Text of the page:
Travis Weber is Vice President for Policy at Family Research Council. This article appeared in Washington Examiner on January 16, 2018.
Our annual Jan. 16 celebration of Religious Freedom Day, commemorating the passage of the Virginia Statute for Religious Freedom 233 years ago, reminds us of the roots of cultural acceptance necessary for religious freedom to truly flourish in any society. While modeled in the formation of the U.S., religious freedom is not exclusively an American idea, but a human right for all people. Halfway around the world, the saga of Asia Bibi’s blasphemy case in Pakistan is not yet over, but it is already highlighting the cultural deficit of religious freedom in that country for the world to see. More unexpectedly, this case is exposing the religious freedom rot in other nations through their inability to respond effectively to the crisis.
Asia Bibi is a Pakistani Christian woman who spent nearly 10 years under a death sentence for alleged “blasphemy” following a dispute with Muslim coworkers, before the Pakistan Supreme Court reversed her conviction (a reversal which was based on a lack of evidence, not a repudiation of the country’s blasphemy laws). Perhaps no other religious freedom case galvanized as much attention in Pakistan in recent years.
Throughout the course of the case, multiple high-level leaders who came to her defense were assassinated, including Pakistani Minorities Minister Shahbaz Bhatti, the cabinet’s only Christian, and Punjab governor Salman Taseer, who was killed by his own bodyguard. After the reversal of her conviction, hard-line Islamic groups paralyzed the country with protests and forced the government to hold her in the country while the decision is reviewed yet again, while engaging in antics such as calling for the “murder of the three judges on the bench that acquitted Asia Bibi,” urging “Muslim generals to rebel,” and exhorting followers to “oust the ‘Jew’ Imran Khan” (the current prime minister). Though some Muslim leaders support Bibi, the opposition and violent voices are the loudest. Islamists proceeded to try to locate and hunt down her family members after the decision was announced.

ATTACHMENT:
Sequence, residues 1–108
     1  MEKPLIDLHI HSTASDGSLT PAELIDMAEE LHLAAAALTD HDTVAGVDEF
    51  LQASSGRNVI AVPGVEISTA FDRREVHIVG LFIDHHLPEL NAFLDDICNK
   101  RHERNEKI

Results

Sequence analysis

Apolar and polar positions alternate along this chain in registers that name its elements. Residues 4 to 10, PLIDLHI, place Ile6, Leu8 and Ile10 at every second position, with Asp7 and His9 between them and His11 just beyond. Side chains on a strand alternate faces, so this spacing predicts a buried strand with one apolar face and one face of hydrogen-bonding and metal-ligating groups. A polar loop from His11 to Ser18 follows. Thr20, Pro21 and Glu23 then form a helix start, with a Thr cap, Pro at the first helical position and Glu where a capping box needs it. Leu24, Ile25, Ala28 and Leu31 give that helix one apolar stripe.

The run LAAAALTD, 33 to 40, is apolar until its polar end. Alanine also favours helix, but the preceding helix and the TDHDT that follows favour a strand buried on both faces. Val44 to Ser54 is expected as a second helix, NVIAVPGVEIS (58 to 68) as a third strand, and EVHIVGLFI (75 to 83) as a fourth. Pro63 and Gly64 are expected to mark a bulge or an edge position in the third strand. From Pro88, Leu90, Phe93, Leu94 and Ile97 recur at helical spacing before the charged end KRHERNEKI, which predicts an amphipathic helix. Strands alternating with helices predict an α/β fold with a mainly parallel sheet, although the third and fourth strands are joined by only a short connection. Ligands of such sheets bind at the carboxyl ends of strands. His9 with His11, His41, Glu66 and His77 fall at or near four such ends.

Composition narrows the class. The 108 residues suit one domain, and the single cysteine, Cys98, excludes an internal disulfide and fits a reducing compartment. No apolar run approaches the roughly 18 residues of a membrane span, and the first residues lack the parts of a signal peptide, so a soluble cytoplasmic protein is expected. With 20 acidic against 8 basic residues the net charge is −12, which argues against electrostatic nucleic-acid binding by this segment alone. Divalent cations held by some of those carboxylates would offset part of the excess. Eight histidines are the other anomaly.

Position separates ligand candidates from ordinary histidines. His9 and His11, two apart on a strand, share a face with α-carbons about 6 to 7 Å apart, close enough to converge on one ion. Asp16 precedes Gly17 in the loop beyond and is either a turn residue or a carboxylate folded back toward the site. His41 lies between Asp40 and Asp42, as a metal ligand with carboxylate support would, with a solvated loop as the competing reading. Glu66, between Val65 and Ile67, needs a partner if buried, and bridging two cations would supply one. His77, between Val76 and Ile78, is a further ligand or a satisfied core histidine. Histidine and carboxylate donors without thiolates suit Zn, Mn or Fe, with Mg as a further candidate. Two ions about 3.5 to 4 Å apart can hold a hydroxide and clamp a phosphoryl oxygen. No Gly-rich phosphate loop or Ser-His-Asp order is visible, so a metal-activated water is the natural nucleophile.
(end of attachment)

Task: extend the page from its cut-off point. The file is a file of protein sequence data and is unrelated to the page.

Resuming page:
Numerous calls for Bibi to be granted asylum followed the court’s decision. Several countries considered granting refuge, including the United Kingdom. While some British Muslim leaders called for asylum to be granted, the country eventually declined due to fears for the safety of its diplomats in Pakistan and that its Muslim community may not take kindly to the decision. This craven capitulation has understandably “led to accusations that Britain’s asylum policy is effectively being directed by mobs in Pakistan, a charge that the government unconvincingly tried to refute.” Indeed, some believe as a result the “the state’s moral principles have surely been watered down, if not abandoned.”
Despite oft-discussed demographic shifts and spiritual decline, we still have been generally comfortable looking at Western Europe as a safe haven where individual liberties can be exercised freely. Yet this decision may represent a landmark shift in our perception of freedom in European democracies, exposing the unsettling reality that while many around the world profess support for religious freedom, they don’t often stop to remind themselves of the cultural conditions necessary for it to exist.
In the same month as Bibi’s decision was handed down, the European Court of Human Rights refused to overturn an Austrian conviction resulting from comments raising the prospect that the Prophet Muhammad might meet the definition of a pedophile. While the European Court is supposed to exhibit some deference to member countries, supporters of free speech and individual liberties cannot be consoled by this ruling, and it should be concerning in any event that Austria is convicting people of insulting religion and policing speech “ aimed at demonstrating that Muhammad was not a worthy subject of worship.”
Is the court’s decision driven by fear of reaction from some European Muslim communities? In the day and age of Asia Bibi, it’s a legitimate question — whether in Austria, the U.K., or Pakistan. In the weeks following these developments, an Irish lecturer was stabbed to death by a Pakistani student at a university in France, in part due to an allegation the lecturer committed “blasphemy” by displaying a depiction of the Prophet Muhammad during class.
The deep tension between the worldview of some Muslim communities in Europe and that continent’s historic understanding of individual freedom is certainly not receding. When Pakistani Christians fleeing to the U.K. are being attacked by British Muslims after arriving in that country, we should recognize we have a problem.
After observing its mobs, we understand why Pakistan is currently powerless to protect religious freedom. We don’t expect the same of the U.K. and other European nations — at least not yet. Perhaps it’s time for a shift in our thinking.
By commemorating the important right of religious freedom in celebrations such as Religious Freedom Day here in the United States, we hope to avoid having to shift our thinking about our own country.